Lizzy van Dorp
- Category : 1872-births
- Type : GE
- Profile : 2/4 - Hermit / Opportunist
- Definition : Split - Small (15,34,36)
- Incarnation Cross : RAX Consciousness 3
First female Dutch jurist, economist and first member of parliament of the short lived progressive Liberal Party of Samuel van Houten.
Lizzy van Dorp was an independent "first in field" intellectual wrote her KNAW biographer: The first female jurist in Holland, the first female Dutch economist and the first woman to enter the Dutch parliament, having soon an one woman fraction, and thus establishing the first feminist Party ever in Dutch parliamentary history.
Lizzy was the only daughter of her feminist and Remonstrant mother Adriana Elisabeth Verdam (24 mei 1847, Amsterdam - 1935) and Gerard Carel Théophilus van Dorp (2 November 1828, Veghel - 1886). Her father owned the Publishing firm G. C. Th. van Dorp & Co. at Semarang, Java. When her father died early, Lizzy was 13, her mother had to deal with the "male" affairs. But that was not easy, because the Dutch law system was not written for autonomous women.
Lizzy's only brother was Gerard Carel Adriaan van Dorp (20 September 1873 - 24 March 1964, Katwijk). He would become a phil.nat.dr. chemist and director of the Society for Chemical Industry "Katwijk" at Katwijk aan Zee. Her uncle on mothers side was Jacob Verdam (22 Jan 1845 - 19 July 1919), professor of Letters and the author of the "Middelnederlandsch woordenboek", the codex of medieval Dutch language.
Lizzy followed the HBS and Gymnasium in Arnhem. From 28 October 1896 till her Doctoral exam Law on 26 April 1901 she studied old and modern Letters (Kandidaats, 1898) and Law (1901) at Leiden. She was the first woman that was permitted to study Law at a Dutch University. She dissertated on 7 July 1903 with "Schadeloosstelling bij vernietiging of onbruikbaarmaking van eigendom door het openbaar gezag". It deals with financial compensations that should be done by public councils when harming individuals with their "for the best of all" decisions.
During her study she was the first chair woman of the "Vereeniging van Vrouwelijke Studenten" in Leiden (VVSL, 1900). With her mother she was involved in the women's suffrage movement. In October 1903 she got international attention as the first female public prosecutor acting for the Dutch High Council (Hoge Raad). She became the first Dutch lawyer and prosecutor from 1903 tot 1915 in Den Haag. With her mother she visited and spoke spontaneously on the Internationale Frauenkongress in Berlin (summer 1904): "Die weibliche Advokatur in Holland".
In 1915 she became the editor of the Dutch "Economist" magazine. She also wrote about socio-economic matters in the cultural magazine "De Gids". From 1919 to 1922 she was private lecturer at the Utrecht University on practical consequences of theoretical economic issues. She published in English and German economic journals as E.C. van Dorp. In 1922 she solicited for a major academic post at Wageningen, but was refused by the minister of Agriculture as being to militant.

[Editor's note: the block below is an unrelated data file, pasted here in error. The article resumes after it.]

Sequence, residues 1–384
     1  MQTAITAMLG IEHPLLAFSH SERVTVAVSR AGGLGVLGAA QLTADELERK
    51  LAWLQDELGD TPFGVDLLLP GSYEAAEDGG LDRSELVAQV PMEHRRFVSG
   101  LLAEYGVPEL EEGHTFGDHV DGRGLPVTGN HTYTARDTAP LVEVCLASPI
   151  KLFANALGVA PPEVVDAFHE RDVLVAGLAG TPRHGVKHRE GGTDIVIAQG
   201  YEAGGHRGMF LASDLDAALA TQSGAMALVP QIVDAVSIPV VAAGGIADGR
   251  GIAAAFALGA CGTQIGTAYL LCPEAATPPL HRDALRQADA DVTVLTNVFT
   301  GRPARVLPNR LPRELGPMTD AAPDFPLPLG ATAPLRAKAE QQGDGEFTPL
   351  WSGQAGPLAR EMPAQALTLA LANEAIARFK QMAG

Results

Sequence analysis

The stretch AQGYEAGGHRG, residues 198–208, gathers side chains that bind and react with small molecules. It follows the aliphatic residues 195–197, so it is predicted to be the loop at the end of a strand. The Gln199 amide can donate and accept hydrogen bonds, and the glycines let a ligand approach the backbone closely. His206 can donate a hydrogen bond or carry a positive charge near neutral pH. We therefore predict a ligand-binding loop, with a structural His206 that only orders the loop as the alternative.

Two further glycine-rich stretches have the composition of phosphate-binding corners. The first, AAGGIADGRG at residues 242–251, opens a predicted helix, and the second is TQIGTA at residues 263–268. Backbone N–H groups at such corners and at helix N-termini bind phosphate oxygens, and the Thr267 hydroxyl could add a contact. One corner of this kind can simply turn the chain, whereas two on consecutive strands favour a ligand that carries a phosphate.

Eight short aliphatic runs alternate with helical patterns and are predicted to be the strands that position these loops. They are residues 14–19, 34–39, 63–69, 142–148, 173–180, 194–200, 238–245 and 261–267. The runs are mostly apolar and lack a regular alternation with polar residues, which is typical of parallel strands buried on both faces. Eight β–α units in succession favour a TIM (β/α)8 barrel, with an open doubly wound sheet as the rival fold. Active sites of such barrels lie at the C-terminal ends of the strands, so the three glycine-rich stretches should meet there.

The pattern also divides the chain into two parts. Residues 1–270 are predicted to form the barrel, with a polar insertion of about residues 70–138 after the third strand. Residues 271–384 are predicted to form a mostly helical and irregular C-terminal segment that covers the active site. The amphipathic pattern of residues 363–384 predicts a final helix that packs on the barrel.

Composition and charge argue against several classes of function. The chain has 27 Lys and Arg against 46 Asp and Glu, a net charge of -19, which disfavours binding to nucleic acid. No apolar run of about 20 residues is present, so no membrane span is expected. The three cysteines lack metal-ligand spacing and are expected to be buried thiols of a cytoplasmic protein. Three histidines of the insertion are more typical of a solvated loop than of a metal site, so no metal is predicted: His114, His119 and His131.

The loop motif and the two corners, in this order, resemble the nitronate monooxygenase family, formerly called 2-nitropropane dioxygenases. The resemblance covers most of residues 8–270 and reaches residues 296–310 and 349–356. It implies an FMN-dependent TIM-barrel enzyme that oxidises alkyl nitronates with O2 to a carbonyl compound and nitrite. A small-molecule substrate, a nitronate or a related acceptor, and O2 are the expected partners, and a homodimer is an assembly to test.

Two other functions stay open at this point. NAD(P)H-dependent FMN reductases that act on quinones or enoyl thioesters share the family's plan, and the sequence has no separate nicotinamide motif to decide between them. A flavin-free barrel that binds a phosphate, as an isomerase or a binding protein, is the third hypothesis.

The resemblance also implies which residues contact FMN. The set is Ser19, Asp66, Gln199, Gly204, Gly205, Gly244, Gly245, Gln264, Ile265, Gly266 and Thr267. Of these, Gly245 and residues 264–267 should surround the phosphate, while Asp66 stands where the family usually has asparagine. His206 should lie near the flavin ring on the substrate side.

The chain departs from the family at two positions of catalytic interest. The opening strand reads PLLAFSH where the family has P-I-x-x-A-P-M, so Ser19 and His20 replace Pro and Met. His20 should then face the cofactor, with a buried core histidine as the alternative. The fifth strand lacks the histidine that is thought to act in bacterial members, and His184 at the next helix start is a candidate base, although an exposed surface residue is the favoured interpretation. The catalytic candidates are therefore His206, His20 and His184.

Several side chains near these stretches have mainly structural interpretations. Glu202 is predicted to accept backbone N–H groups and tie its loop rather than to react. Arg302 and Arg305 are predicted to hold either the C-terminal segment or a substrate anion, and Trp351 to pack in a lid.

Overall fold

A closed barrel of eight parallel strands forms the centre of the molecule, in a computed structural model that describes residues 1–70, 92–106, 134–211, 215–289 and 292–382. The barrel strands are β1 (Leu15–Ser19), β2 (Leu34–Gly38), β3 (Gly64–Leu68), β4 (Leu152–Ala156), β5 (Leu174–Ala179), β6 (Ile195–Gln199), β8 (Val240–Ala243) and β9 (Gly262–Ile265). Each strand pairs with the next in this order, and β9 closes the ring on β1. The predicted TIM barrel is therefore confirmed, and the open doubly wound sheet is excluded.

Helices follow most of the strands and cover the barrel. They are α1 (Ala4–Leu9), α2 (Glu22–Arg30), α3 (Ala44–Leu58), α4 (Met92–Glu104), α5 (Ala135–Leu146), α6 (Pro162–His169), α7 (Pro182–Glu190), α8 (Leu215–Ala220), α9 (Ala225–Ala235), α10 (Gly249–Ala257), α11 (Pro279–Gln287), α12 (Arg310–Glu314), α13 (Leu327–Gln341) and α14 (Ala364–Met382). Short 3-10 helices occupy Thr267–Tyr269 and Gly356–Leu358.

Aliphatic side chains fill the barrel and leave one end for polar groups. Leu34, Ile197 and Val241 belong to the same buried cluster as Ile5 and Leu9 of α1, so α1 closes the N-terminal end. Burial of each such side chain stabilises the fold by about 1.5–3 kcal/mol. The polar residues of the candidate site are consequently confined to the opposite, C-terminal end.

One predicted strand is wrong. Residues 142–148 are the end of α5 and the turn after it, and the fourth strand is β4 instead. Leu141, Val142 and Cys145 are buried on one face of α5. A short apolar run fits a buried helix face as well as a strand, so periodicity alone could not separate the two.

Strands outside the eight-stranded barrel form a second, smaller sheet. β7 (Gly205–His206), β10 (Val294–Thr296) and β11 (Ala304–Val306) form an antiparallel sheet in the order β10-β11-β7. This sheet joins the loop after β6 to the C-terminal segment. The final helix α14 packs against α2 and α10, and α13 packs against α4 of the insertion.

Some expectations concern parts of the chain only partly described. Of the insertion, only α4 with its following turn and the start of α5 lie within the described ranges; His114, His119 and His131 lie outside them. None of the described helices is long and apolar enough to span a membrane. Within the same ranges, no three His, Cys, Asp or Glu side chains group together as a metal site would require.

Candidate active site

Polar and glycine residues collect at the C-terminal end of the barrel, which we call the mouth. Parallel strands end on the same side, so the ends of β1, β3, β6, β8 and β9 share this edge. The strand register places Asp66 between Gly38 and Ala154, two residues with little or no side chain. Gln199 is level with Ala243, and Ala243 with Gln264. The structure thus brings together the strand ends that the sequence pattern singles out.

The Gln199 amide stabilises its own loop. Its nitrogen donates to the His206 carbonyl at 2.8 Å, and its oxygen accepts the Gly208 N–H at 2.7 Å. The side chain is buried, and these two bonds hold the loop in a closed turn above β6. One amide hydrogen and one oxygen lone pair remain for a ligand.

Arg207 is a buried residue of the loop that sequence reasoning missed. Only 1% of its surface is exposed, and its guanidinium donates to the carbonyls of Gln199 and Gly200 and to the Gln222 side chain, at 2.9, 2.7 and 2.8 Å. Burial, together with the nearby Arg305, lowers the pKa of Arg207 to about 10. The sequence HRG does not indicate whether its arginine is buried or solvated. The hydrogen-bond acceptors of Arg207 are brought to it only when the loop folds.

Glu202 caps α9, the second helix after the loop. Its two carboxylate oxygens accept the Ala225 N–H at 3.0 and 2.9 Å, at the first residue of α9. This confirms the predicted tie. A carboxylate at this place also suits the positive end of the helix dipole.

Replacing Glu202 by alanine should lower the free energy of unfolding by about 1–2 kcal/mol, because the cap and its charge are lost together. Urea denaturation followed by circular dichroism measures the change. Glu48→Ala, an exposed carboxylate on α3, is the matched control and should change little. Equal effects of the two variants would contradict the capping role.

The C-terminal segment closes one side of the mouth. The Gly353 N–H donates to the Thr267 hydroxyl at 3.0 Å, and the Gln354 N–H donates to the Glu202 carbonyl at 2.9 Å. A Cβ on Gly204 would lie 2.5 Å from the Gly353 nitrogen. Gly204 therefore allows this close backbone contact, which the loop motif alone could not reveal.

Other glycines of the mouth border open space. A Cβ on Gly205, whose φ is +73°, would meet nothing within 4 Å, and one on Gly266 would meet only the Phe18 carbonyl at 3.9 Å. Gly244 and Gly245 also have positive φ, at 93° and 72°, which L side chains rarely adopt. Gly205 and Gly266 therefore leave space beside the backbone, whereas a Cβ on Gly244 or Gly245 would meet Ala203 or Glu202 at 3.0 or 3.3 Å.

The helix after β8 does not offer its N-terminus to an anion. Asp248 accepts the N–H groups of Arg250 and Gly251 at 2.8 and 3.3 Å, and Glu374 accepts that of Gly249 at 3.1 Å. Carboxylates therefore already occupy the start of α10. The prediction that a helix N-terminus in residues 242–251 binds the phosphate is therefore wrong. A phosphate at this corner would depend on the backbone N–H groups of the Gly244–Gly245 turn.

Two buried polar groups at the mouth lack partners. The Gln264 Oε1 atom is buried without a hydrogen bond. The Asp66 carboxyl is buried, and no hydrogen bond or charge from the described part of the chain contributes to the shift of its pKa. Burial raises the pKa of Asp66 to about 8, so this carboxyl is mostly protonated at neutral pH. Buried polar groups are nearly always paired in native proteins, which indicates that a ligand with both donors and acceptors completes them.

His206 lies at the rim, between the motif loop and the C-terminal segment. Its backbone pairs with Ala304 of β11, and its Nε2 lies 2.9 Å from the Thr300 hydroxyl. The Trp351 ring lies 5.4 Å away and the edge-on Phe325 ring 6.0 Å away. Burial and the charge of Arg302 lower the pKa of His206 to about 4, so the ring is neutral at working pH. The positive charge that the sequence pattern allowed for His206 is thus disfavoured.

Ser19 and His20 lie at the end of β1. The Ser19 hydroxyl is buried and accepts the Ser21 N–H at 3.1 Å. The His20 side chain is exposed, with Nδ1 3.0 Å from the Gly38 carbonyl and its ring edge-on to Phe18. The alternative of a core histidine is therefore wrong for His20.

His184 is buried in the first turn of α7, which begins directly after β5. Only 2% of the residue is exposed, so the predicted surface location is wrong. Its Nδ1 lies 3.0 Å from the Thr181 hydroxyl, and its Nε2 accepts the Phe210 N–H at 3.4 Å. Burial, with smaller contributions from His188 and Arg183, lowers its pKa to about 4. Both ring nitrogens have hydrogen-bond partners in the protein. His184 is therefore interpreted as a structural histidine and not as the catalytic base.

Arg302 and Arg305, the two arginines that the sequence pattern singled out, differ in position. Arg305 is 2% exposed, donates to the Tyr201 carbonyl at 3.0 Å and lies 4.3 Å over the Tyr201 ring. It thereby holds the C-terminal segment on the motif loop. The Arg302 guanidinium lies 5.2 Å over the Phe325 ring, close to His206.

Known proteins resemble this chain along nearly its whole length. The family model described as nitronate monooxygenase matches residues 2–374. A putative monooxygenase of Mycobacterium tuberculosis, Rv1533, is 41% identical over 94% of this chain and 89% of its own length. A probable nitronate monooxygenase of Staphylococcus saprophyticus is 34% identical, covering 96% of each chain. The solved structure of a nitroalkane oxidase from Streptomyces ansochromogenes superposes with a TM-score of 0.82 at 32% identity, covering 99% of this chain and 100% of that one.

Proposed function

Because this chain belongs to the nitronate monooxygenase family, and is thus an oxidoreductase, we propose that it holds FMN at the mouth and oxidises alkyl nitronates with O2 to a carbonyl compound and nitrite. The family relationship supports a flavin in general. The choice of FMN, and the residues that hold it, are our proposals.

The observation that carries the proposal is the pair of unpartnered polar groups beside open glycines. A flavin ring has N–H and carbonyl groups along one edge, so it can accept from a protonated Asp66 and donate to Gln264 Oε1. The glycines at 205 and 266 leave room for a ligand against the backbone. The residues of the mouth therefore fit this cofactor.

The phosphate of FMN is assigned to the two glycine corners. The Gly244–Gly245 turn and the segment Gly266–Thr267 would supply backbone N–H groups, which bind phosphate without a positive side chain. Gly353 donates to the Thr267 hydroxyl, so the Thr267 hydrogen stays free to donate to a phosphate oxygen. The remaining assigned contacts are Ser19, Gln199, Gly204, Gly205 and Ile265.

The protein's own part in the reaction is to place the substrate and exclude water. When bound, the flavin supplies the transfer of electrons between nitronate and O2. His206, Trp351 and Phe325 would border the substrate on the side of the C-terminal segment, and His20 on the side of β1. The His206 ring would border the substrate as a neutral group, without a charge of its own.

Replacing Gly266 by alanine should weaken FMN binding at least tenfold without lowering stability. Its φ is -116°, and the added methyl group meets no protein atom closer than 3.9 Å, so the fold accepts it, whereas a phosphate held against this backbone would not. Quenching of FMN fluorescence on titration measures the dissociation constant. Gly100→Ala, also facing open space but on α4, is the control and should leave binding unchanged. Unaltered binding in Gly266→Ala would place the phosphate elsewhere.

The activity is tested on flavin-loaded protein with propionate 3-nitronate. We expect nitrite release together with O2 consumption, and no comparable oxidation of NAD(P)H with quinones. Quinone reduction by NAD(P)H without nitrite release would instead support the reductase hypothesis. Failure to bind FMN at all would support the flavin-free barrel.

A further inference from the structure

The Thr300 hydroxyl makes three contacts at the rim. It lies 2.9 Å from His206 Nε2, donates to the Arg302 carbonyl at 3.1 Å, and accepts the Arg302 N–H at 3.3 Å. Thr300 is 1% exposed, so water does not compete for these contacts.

From 25 July 1922 till 15 September 1925 she was member of the Dutch Parliament for the Liberal Party erected by Samuel van Houten (17 Feb 1837 – 14 Oct 1930). The then 85 years old Samuel van Houten, a major Dutch social reformer known by his "Kinderwetje van Van Houten" (1874) that prohibited child labour in factories, and who laid the foundation of the 1st compulsory education Law for children between 6 and 12 years old (since 1-1-1901) was tired of his hard work and left the parliamentary work to his socially active female neighbour Lizzy in Bloemendaal. She and Van Houten thought and acted as one unit.
She pleaded against protectionism and for disarmenant. From 1925 to 1936 she was involved with the Liberal Party "De Vrijheidsbond". In 1927 she represented the Netherlands in the League of Nations economic conference in Genève (5 may 1927).
After her mothers death in 1935 she moved to England and wrote July 1936 "A simple theory of capital, wages and profit or loss", published sept 1937 as E.C. van Dorp. In 1939 she decided to go to Turkey to visit the Dutch ambassador Philip Visser, who lost his wife. She arrived 15 March 1940 in Ankara and travelled end 1940 further to Semarang in Java, where her father had been a publisher. She earned her money as teacher economics at the Technical High School of Bandung. In 1941 she planned to go to the USA for further studies. But she was taken prison by the Japanese occupants and send to the concentration camp for women Ambarawa 10 in Banju-Biru, Java. She died of exhaustion on 6 September 1945, after the Japanese capitulation of 2 September and a day after her 74th birthday.
Lizzy never married, but she in 1901 fell in love with the married politician and from 1912-1932 the head of the central bank of the Netherlands Gerard Vissering (1 March 1865, Leiden - 19 Dec 1937, Bloemendaal). Her friend, the painter Thérèse Schwartze (20 December 1851, Amsterdam - 23 December 1918, Amsterdam) who had similar "in love with a married man" experiences supported her. Lizzy lived with her mother Adriana Elisabeth Verdam (1847-1935) until her death.